What's the difference?

He is patronizing me.

He is condescending to me.

Almost the same meaning? Or a little bit different.

A friend of mine helped me get out of a difficult situation. Since then, he often says to me, "Don't forget my help", and "You should be grateful for my help." In this case, can I use the above two sentences interchangeably?

  • Note that condescension is not, by definition, ungracious. It simply suggests that the person has willingly lowered himself to your status level. If he's used to fancy food but he happily dines with your family on wieners and beans (because that's all you can afford) then he's condescending. (Of course, if he acts in a condescending manner then that's being ungracious, and he's patronizing you.) – Hot Licks Aug 20 '16 at 3:10
  • In Roget's thesaurus each is shown as a synonym of the other. But if you look in a good dictionary you may discover the finely nuanced differences between them. – WS2 Jan 23 at 22:38

You are right in that both have a similar meaning, with a small difference; being condescending has a greater emphasis on the superiority of the person.

For example, a friend explaining the meaning of a word to you in a good-natured way, when you feel they should have assumed that you know the meaning yourself would make you feel patronised.

If on the other hand a friend explained the meaning of a word to you, and added "I wouldn't expect someone on your level to know that anyway", that would be incredibly condescending.

In your particular case, condescending would be closest but I wouldn't actually use either word. I would go for something like ungracious, impolite or rude.

  • 1
    Good answer. I think in order to be condescending you do actually have to have some accepted higher status. Whereas it is possible, and frequently happens, that a junior can be (often unthinkingly) patronising to a superior. Condescend - show that one feels superior. Patronise - treat with an apparent kindness which betrays a feeling of superiority (Oxford Dictionary OnLine). My sense is that condescension is a slightly more deliberate expression of superiority, patronising something you are more likely to be by accident/inexperience/cack handedness. – WS2 Nov 29 '15 at 14:09

From the OED, complete with the weird Oxford spelling:

Patronizing: "That patronizes a person or thing, esp. with an air or assumption of superiority"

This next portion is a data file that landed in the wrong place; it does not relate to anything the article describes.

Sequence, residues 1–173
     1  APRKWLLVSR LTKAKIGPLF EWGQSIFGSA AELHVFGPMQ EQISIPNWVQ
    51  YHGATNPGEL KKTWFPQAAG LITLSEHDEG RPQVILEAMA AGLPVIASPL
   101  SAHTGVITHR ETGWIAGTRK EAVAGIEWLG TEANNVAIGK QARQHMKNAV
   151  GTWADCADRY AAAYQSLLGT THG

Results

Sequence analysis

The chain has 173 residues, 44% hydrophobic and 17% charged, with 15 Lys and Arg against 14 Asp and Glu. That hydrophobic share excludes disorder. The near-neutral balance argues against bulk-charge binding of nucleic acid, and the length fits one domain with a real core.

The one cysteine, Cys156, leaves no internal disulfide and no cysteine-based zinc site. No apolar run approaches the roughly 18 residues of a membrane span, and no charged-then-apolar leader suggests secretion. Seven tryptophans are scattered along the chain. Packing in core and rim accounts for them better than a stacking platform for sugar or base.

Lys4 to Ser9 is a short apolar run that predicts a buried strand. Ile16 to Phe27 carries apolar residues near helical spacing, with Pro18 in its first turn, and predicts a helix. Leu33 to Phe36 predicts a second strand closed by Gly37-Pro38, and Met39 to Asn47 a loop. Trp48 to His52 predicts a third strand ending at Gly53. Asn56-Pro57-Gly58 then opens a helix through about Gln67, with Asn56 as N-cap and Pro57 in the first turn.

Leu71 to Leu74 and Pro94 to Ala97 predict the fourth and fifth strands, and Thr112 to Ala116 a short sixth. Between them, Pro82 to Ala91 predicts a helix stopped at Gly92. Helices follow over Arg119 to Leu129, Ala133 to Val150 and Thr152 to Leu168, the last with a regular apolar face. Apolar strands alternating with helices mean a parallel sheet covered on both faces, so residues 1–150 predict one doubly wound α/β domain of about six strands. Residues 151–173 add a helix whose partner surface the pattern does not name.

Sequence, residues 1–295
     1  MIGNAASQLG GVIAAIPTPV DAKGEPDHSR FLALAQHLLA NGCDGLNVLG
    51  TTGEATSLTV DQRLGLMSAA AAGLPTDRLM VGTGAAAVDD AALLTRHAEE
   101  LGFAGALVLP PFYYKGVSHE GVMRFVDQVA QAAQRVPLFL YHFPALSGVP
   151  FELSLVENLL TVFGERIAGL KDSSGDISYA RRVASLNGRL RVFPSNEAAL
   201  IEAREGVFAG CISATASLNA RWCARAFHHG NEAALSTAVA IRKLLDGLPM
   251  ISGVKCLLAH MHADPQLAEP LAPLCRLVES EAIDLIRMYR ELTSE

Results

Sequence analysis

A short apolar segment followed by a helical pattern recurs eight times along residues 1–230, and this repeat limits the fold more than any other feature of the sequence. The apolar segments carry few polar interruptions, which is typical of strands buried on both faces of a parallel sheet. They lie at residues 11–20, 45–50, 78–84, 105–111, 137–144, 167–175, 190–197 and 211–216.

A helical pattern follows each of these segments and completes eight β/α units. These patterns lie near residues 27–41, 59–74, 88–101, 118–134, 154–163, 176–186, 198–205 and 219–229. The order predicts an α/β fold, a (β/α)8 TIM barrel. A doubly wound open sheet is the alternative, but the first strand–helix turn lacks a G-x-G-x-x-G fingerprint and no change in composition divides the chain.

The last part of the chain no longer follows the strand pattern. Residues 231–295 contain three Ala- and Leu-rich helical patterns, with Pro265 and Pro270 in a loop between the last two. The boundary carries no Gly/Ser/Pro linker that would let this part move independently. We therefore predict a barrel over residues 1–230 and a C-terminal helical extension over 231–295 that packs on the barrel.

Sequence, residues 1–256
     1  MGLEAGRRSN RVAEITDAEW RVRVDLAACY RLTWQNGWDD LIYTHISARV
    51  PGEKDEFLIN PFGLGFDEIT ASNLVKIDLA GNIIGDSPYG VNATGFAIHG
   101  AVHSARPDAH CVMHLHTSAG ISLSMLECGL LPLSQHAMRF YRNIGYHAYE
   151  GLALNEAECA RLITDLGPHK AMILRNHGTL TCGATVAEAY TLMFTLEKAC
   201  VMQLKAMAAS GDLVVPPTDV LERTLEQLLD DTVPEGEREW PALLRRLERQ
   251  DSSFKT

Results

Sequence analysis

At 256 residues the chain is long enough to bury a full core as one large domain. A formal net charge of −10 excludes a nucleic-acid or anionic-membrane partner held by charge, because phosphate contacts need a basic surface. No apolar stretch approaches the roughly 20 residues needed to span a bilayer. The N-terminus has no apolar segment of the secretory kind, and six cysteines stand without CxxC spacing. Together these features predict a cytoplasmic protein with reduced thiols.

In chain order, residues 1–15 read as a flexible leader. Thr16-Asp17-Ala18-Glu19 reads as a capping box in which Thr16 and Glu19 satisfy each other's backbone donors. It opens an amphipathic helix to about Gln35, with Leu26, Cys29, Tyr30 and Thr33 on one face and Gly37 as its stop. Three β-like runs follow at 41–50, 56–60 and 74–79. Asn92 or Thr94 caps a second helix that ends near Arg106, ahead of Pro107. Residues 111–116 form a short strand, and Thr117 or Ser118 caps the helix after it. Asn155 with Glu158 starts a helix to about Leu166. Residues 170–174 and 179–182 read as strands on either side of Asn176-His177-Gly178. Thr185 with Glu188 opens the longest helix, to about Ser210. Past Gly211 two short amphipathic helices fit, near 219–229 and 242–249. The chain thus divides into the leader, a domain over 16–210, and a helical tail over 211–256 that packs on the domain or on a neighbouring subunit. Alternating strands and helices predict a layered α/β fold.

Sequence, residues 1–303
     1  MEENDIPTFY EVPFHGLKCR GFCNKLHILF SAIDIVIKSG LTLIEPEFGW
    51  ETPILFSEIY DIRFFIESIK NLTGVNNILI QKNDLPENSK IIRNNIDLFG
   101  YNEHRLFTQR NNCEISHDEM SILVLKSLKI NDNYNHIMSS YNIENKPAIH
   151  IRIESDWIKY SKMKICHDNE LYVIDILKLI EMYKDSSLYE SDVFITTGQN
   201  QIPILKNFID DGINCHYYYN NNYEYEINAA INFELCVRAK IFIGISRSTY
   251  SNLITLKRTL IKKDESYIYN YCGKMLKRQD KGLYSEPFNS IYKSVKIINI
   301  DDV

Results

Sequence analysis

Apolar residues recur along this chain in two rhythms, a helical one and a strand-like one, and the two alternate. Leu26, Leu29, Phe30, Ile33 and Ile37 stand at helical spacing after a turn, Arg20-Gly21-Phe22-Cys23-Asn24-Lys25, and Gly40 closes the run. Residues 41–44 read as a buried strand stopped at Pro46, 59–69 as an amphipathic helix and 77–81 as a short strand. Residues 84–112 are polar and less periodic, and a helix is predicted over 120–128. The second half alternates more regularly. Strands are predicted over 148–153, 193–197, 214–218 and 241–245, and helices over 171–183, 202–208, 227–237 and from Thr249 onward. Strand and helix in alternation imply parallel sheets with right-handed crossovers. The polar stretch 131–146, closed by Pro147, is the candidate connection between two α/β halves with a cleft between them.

Condescending: "That condescends; characterized by, or showing, condescension. Now, usually, Making a show, or assuming the air, of condescension"

They both require an air of superiority, so it is difficult to take the degree of 'air of superiority' as the difference. Take a look at the verbs:

Patronize:"to act as a patron towards, to extend patronage to (a person, cause, etc.); to protect, support, favour, or encourage."

Condescend:"To come or bend down, so far as a particular action is concerned, from one's position of dignity or pride; to stoop voluntarily and graciously; to deign"

This is where the difference lies. If you tell the other guy his new 1,000cc hatchback is wonderful, and you nearly bought one yourself, while you have a Porsche parked in your garage - you are being condescending.

If you tell the other guy that you will help him to earn more money so he can buy a 2,000cc saloon car, because you know how difficult it is for him to get promoted, you are being patronising.


Your friend's behavior is neither condescending nor patronizing. He's shamelessly claiming moral dividends on his good deed. He's treating you as if you were indebted to him for life.

Having performed one good deed does not automatically grant a person the right to be an asshole, but some people think it kind of does. What's even more intriguing is the fact that some others claim that right without performing a good deed first, and, guess what, you'll find lots and lots of them in key positions in every blessed field of human activity.


Language is fluid.

This question is a matter of opinion.

My opinion is that the two words are very similar in their current usages; so similar that we can use them interchangably.

If some people make a distinction between them, that will be a their opinion. They may be able to cite examples to support their view.

I don't assert that my view is better (or worse) than that of others.

But it's my experience that they are pretty much synonymous.

Maybe I move in the wrong circles.

  • 1
    Welcome to EL&U. It's often helpful to the reader to cite references that he or she could refer to. The OP probably doesn't know what to do next. – rajah9 Jan 26 at 12:22

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